OIL PRICE: ABOVE $64
REUTERS, BLOOMBERG - Oil prices largely held on to gains on Tuesday after posting the biggest rise in six weeks a day earlier, buoyed by moves by Saudi Arabia's crown prince to tighten his grip on power and rising tensions between the kingdom and Iran.
Brent crude futures LCOc1 were up 5 cents at $64.32 per barrel by 0750 GMT. On Monday, they closed 3.5 percent higher, also their biggest percentage gain in about six weeks.
U.S. West Texas Intermediate (WTI) crude CLc1 was down just 3 cents at $57.32 a barrel. The contract surged 3 percent on Monday, the biggest percentage gain since late September. Both benchmarks hit their highest since mid-2015 during the session.
Saudi Crown Prince Mohammed bin Salman moved to shore up his power base with the arrest of royals, ministers and investors, including billionaire Alwaleed bin Talal and the powerful head of the National Guard, Prince Miteb bin Abdullah.
The arrests, which an official described as part of "phase one" of the crackdown, are the latest in a series of dramatic steps by Prince Mohammed to tighten his grip at home.
Tensions between Saudi Arabia and Iran also rose further. The Saudi Arabia-led military coalition fighting against the Houthi movement in Yemen said on Monday it was closing all Yemeni air, sea and land crossings.
The move came after a missile was fired toward Riyadh on Saturday. Saudi Arabia and its Gulf allies have said they see Iran as responsible for the Yemen conflict and, on Monday Saudi Foreign Minister Adel al-Jubeir said his country reserves the right to respond to Iran's "hostile actions".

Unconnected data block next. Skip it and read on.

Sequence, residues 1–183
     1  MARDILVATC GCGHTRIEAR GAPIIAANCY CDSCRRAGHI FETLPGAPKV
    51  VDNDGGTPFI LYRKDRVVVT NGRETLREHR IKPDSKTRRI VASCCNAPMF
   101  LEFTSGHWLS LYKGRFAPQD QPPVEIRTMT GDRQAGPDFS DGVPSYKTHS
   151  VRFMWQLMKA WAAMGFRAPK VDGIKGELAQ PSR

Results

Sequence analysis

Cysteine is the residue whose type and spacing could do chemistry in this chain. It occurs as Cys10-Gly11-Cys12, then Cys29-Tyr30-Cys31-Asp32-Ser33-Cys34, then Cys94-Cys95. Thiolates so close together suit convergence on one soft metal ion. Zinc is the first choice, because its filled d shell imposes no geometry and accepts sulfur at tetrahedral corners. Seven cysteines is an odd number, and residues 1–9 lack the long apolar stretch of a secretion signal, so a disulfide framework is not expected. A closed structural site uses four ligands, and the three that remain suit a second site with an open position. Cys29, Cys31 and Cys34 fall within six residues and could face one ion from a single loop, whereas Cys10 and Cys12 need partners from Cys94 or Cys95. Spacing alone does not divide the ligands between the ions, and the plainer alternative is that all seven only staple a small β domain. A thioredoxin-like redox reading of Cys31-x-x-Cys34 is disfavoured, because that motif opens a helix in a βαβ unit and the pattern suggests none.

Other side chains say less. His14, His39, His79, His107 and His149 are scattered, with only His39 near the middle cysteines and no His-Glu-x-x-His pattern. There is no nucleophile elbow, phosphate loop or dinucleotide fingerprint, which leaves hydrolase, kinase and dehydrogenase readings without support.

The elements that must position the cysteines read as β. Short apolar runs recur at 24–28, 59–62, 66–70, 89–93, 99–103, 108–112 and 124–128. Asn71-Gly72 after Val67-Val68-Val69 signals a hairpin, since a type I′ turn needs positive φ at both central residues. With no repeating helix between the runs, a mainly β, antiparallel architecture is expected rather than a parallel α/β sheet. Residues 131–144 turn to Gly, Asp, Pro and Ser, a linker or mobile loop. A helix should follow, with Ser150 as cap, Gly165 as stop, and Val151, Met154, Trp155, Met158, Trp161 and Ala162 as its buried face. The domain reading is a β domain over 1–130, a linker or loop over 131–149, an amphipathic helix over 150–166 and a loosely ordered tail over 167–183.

Iranian Foreign Minister Mohammad Javad Zarif said Saudi Arabia was blaming Tehran for the consequences of its own "wars of aggression".
"A potential conflict could limit significant supply out of the region," Shane Chanel, equities and derivatives adviser at ASR Wealth Advisers, said in an email. "We see WTI above $60 and may even see Brent above $70 by the end of the year."
Despite the moves by the Saudi heir, analysts said they do not see Saudi Arabia, the world's largest oil exporter, changing its policy of boosting crude prices for now.
Saudi Energy Minister Khalid al-Falih said that while there is "satisfaction" with a production-cutting deal between the Organization of the Petroleum Exporting Countries and other producers led by Russia, the "job is not done yet."
OPEC is expected to extend a cut of around 1.8 million barrels per day into the whole of 2018.
U.S. drillers cut eight oil rigs last week, the biggest reduction since May 2016, helping to support prices.
While supplies are tightening, analysts said demand remains strong.
Speculators increased their bets on gains in the price of Brent to a record high.
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REUTERS - India’s natural gas consumption is expected to rise to 70 billion cubic metres (bcm) by 2022 and 100 bcm by 2030, according to a government think tank and the Oxford Institute of Energy Studies, up from 50 bcm now. India burns just 7 percent of what top user the United States consumes in a year with about a quarter of India’s population.
Norway, which relies on oil and gas for about a fifth of economic output, would be less vulnerable to declining crude prices without its fund investing in the industry, the central bank said Thursday. The divestment would mark the second major step in scrubbing the world’s biggest wealth fund of climate risk, after it sold most of its coal stocks.
WSJ - Light, sweet crude for December delivery rose $1.41, or 2.6%, to $56.55 a barrel on the New York Mercantile Exchange, snapping a three-session losing streak. Brent, the global benchmark, advanced $1.36, or 2.2%, to $62.72 a barrel.
U.S. Rig Count is up 327 rigs from last year's count of 588, with oil rigs up 267, gas rigs up 61, and miscellaneous rigs down 1 to 1. Canada Rig Count is up 24 rigs from last year's count of 184, with oil rigs up 9 and gas rigs up 15.